“I went to the unit to see him after the operation. He was very tiny, almost the size of a cup. His fingers were like grass pellets and the eyes could hardly be seen. The scariest bit was seeing his body hooked to different tubes. I became psychologically traumatised,” she says.
It was, however, the support of her family members, friends, and relatives that comforted her through the ordeal.
“Having people around was very helpful. They helped take my mind off the traumatising experience. The team of nurses who eventually became my friends assisted in tending to the baby especially when it came to feeding,” she says.
The little boy was feeding using a tube inserted through the nose connected to his stomach. He could not breastfeed because the nipple was too big for his little mouth. Tumusiime would pump the milk into a cup, hand it over to the nurses who would feed the baby through the tube. Both mother and baby were finally discharged from the facility on July 29, 2015. This was after spending close to Shs13m on treatment. Part of the expenses was covered by insurance while the remaining balance was acquired through savings and a loan.
Life at home
Back at home, Tumusiime had to turn one of the bedrooms into a nursery for the baby. This was in order to limit many people getting access to him.
“Premature babies are very delicate humans and are predisposed to getting infections. I could not allow that to happen,” he says.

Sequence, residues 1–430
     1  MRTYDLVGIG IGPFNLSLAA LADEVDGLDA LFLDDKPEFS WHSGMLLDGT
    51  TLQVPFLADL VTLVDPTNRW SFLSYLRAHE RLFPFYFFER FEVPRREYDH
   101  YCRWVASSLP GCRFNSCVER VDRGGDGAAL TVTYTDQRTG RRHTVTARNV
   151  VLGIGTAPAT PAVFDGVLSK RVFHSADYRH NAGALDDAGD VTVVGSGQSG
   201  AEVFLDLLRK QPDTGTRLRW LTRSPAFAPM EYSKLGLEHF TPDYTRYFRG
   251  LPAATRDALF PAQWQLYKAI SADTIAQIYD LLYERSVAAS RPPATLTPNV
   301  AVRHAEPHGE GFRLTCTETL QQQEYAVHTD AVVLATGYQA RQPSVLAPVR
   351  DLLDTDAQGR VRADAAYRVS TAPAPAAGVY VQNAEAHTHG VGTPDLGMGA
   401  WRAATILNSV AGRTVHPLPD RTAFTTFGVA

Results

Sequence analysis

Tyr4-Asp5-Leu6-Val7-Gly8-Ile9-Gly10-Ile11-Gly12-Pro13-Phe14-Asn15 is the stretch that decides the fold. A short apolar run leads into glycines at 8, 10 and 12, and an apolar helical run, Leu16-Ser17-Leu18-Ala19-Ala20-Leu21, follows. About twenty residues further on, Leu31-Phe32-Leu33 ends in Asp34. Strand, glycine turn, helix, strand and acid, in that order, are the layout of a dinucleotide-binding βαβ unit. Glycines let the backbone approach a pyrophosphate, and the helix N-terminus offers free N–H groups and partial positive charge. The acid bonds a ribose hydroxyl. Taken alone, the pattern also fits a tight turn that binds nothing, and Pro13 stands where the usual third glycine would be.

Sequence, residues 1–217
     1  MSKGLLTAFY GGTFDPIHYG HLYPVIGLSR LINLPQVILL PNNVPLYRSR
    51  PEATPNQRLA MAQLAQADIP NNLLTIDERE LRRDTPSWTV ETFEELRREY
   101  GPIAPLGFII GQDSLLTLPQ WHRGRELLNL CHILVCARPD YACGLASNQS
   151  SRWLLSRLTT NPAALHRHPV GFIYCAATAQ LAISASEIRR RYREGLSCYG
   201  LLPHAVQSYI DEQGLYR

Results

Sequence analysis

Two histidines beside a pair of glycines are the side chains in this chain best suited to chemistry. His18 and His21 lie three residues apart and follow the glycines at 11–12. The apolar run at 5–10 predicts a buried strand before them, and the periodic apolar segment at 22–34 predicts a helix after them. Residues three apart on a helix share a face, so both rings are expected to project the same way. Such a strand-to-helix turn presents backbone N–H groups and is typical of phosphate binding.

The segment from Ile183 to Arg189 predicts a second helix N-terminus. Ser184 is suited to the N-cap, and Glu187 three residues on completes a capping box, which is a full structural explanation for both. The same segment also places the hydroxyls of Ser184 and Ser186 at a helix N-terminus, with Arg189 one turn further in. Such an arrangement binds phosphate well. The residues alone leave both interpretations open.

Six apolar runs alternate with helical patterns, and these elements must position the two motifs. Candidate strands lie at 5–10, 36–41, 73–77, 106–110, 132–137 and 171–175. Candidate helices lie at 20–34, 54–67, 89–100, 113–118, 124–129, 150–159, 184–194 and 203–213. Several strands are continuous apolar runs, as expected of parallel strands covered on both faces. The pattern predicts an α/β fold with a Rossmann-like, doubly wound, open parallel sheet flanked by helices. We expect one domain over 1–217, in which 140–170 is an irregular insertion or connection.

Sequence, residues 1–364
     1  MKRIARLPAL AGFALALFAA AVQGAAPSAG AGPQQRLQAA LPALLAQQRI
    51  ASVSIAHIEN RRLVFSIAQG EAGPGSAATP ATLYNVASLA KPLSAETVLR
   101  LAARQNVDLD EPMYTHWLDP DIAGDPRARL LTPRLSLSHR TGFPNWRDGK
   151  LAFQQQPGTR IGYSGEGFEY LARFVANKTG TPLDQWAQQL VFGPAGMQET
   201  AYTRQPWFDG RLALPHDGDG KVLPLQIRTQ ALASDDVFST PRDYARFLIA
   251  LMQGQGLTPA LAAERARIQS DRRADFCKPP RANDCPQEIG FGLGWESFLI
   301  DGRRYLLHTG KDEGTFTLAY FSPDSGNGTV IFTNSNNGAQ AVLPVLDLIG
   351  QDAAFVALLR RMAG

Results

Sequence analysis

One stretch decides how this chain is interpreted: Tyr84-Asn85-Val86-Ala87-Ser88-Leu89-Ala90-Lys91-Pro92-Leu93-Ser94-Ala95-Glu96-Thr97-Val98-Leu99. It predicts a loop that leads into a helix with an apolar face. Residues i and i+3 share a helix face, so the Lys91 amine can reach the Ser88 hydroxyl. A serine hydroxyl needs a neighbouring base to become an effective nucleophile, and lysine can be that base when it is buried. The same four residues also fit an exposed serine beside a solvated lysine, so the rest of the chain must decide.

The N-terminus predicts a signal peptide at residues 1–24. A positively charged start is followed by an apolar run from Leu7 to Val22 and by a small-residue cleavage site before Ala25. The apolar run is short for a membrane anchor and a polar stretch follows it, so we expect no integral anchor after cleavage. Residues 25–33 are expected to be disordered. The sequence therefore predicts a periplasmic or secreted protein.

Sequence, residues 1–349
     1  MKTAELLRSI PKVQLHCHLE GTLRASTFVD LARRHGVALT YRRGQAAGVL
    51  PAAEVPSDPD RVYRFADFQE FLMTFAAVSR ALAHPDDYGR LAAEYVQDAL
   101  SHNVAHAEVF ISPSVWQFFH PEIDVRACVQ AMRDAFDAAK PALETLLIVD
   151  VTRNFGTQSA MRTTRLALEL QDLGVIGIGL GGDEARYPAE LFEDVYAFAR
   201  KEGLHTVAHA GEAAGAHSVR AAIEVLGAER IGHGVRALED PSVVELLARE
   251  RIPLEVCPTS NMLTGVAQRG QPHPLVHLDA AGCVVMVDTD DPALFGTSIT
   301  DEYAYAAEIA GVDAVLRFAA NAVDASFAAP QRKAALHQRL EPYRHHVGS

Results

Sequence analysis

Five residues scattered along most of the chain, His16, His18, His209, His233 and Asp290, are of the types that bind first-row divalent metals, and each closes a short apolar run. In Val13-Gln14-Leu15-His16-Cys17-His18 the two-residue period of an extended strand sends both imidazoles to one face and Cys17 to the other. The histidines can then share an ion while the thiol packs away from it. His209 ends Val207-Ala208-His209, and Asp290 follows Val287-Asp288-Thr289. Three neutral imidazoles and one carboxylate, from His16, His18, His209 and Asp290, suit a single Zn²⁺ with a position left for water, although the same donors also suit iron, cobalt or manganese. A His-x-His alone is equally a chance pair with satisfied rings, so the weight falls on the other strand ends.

Unlike in the hospital where she was often surrounded by nurses offering to help, Tumusiime now had to tend to the baby alone. It was a stressful time and at some point, the self-employed businesswoman thought she was losing her mind.
“I was always awake, day and night with hardly any time to rest. For the first two weeks after bringing him home, I had to continue feeding him through the tube which process took about 45 minutes. The feeding had to be done every two hours,” she says.
Kangaroo mother care was also essential for the baby. It involves a mother closely carrying their baby, skin to skin, for a number of benefits including maintaining the child’s warmth as well as regulating their breathing and heart rate.
“In case I was too tired, I would hand over the baby to either his sister (14 years) or father to tend to him,” she says.
After two weeks, the feeding tube was removed by one of the nurses from Kampala Hospital and Rukiri then had to be fed either by the breast or bottle. Tumusiime had to ensure that the baby bottles and pumps were always sterilised, washed thoroughly well and kept in a clean dry environment.
Over time, the little boy began to grow and hit his milestones. At six months, he was crawling, walking at 10 months and started to talk by 12 months.
The only health setback the parents got was when Rukiri rapidly lost weight at five months and the doctors said he had anaemia (a low red blood count) and suspected it was sickle cell anaemia.
“My husband and I were so relieved when the tests came back negative for sickle cell anemia. However, they confirmed he had anemia which could have been caused as a result of the inability of his body to absorb iron,” she says.
Tumusiime was then advised to give the boy supplements in form of medication. Also, she had to introduce particular foods quite early in order to boost his iron levels. Some of these included millet porridge, egg yolk and vegetable soups.